WARNING: If you hate waiting, please ignore this post.
What a difference a day makes!
With unfounded optimism and a change of taxi driver, I was hoping that my second attempt at the Tajik embassy would prove more successful. Arriving at 9:30am, I was met by the same embassy official as yesterday. He ushered me in to a formal waiting room where he asked me what I wanted. A tourist visa and the special GBAO Permit, please. He invited me to take a seat and wait. Eventually, another embassy official came and asked me for my passport and then invited me to take a seat and wait. The second embassy official eventually came back and asked me for my paperwork and again invited me to take a seat and wait. All these invitations were too good to refuse so I proceeded to wait and wait and wait. After about 30min, the second official came back and said that I could have my tourist visa – no problem. And what about the GBAO Permit? “You want to travel in Pamirs?” Yes, please. “Please, take seat and wait”. No problem, I’ve had lots of practice.
After some more waiting the second official returned with the first. That’s when I heard the words that all travellers dread to hear. In a heavily Russified accent, “There is problem. You must get GBAO (ge-bow) permit in Dushanbe”. The only problem with this was that I wouldn’t get to Dushanbe until the END of my travels in Tajikistan not the START. Out came my trusty map of Central Asia and I indicated the route that I wanted to take through his homeland, emphasising that Dushanbe was my final destination not my starting point. “No problem. I must ring Dushanbe and ask your permit. Please wait”. No problem, I can wait all day.
After a bit of good waiting the second official returned with a third, obviously more senior, official. “There is problem. You must get GBAO in Dushanbe. It is special stamp. We do not have here.” Oh dear, here we go again! I try to explain that Dushanbe is at the end of my travels not the start.
“Then you must get in Bishkek or Beijing. They have special stamp” Bishkek? Beijing? Bishkek was hundreds of kilometres out of my way! And as for Beijing – it was thousands of kilometres out of my way!! Just when I thought things couldn’t get worse, No. 2 and No. 3 starting disagreeing about something. When they were finished No. 3 said “He will write for you. No problem. Please wait”. No problem. I’m getting pretty good at it.
After some really high quality waiting, I was eventually invited into the visa consul’s office and ……asked to wait. No. 2 appeared and it seemed that he was the visa consul. He approached me with my passport in his hand. This is it, I thought, the waiting is finally over. “I give you tourist visa. These dates”. Thank you, thank you, thank you. “Now I must write GBAO. Please wait”. Shattered, I waited.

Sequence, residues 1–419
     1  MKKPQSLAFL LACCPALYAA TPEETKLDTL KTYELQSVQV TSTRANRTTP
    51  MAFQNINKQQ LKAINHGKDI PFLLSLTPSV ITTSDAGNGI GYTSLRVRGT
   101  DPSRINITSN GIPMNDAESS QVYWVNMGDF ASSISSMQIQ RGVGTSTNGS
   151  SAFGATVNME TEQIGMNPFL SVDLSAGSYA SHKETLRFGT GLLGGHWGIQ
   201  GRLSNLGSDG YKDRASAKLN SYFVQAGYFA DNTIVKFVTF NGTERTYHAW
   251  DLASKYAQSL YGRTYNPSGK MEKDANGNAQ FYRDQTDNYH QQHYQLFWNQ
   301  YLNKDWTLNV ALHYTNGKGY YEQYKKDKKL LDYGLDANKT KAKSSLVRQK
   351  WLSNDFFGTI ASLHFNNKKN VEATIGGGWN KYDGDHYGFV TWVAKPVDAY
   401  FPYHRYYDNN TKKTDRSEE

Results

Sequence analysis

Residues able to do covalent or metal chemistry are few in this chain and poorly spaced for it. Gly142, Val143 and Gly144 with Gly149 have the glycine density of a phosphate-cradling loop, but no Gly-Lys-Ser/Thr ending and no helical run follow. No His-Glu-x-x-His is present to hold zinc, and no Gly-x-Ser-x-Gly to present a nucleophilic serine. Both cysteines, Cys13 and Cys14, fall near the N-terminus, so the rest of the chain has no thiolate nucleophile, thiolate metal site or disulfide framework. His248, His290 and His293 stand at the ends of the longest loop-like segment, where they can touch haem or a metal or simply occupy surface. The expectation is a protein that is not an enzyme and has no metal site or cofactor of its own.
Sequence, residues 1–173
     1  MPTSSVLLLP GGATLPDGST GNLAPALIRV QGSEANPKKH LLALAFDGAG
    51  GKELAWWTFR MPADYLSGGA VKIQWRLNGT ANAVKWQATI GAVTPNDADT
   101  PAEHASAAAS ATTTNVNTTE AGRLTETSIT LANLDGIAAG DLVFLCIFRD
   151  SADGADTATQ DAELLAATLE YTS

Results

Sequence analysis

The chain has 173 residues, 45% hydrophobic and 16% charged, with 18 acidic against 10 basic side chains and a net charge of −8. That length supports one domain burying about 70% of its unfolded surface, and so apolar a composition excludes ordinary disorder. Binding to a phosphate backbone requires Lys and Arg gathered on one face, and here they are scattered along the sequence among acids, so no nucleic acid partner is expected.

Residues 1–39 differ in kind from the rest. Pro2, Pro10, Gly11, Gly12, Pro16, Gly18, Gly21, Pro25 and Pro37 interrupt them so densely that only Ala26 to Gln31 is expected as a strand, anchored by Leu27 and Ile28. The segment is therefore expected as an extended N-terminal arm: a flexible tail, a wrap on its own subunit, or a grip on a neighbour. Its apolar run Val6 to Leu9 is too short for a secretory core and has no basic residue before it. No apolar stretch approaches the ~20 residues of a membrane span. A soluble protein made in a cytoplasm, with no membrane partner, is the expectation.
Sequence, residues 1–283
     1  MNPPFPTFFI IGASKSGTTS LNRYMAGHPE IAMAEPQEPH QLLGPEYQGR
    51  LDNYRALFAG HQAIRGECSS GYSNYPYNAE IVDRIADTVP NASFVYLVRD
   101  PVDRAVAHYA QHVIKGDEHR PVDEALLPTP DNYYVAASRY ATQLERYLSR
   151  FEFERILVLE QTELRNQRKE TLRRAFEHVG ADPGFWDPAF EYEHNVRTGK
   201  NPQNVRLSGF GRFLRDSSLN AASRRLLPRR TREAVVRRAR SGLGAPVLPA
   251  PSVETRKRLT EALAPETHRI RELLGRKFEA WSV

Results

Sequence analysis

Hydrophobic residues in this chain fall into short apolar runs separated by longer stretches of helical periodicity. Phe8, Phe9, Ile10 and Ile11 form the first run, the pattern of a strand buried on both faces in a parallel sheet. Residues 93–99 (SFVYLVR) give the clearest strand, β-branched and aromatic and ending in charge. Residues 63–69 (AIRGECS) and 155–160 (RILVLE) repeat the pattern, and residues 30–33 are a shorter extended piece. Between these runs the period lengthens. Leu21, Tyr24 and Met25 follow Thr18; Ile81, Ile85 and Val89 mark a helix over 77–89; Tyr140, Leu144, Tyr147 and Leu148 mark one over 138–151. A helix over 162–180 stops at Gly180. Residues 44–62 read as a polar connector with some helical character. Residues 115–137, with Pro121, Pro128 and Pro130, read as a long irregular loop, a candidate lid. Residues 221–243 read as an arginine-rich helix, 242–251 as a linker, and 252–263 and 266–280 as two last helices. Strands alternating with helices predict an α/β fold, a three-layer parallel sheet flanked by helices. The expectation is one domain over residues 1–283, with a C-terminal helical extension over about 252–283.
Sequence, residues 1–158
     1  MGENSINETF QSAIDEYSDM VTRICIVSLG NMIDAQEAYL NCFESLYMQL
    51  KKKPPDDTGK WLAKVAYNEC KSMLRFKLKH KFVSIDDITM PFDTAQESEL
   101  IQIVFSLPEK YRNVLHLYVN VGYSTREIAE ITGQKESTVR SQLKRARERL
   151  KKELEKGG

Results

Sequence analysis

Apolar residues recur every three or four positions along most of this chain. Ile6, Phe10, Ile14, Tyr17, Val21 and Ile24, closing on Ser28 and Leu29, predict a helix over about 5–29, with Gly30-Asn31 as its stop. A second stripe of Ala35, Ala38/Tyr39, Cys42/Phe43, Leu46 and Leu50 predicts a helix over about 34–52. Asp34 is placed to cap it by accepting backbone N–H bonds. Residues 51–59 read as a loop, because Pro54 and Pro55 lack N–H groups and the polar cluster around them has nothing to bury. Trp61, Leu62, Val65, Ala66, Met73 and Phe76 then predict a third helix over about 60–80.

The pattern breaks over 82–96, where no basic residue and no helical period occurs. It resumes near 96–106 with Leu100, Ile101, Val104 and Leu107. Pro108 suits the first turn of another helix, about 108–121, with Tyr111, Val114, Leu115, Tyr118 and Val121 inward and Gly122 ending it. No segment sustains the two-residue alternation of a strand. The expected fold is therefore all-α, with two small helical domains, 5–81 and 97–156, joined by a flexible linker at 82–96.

In this game of diplomatic good cop-bad cop, No. 2 was the good cop doing his best to help me. No. 3 was … well you get the picture!
While I waited some more No. 3 reappeared at the door (cue: sinister bad guy music) and came over to speak to me. “He will write for you in passport permit. If you have trouble you must go to Dushanbe for special stamp”. So if I have trouble, I must go to Dushanbe to get a special stamp for somewhere I’ve already been? “Yes. He will write GBAO permit now for you. Please wait”. Of course, what else would I do?
Finally, Mr. Nice Guy No. 2 approached me again with my passport in his hand. This is it, the waiting really is over this time! “I write GBAO permit for you. OK.” Thank you so much. So I can travel along the Pamir Highway. “No! No Pamir! Only GBAO.” But the Pamir Highway runs through the middle of the GBAO. “No! No Pamir!” Totally gobsmacked, I tried to resort to my map again. “No. Please wait.” Mr Nice Guy No. 2 asked a fourth official to join us as translator. No. 4 said that I could travel along the Pamir Highway but not into the Pamirs – the main geographical feature of the area which lends its name to the highway. I was not sure how I could comply with this condition as the Pamir Highway is the main access route through the Pamir region.
I was just about to query this apparent contradiction when I decided that I should quit while I was ahead. My passport with my Tajik visa and GBAO permit were mere centimetres away. So I can travel along the Pamir Highway? “Of course. No problem.”
And so, after a little bit more waiting just for good measure, Mr. Nice Guy No. 2 handed my passport back to me along with a free tourist map and a hearty “Welcome to my country”.
The lesson in waiting was over!
Wonderful tale Brian, and I can just see your body language throughout!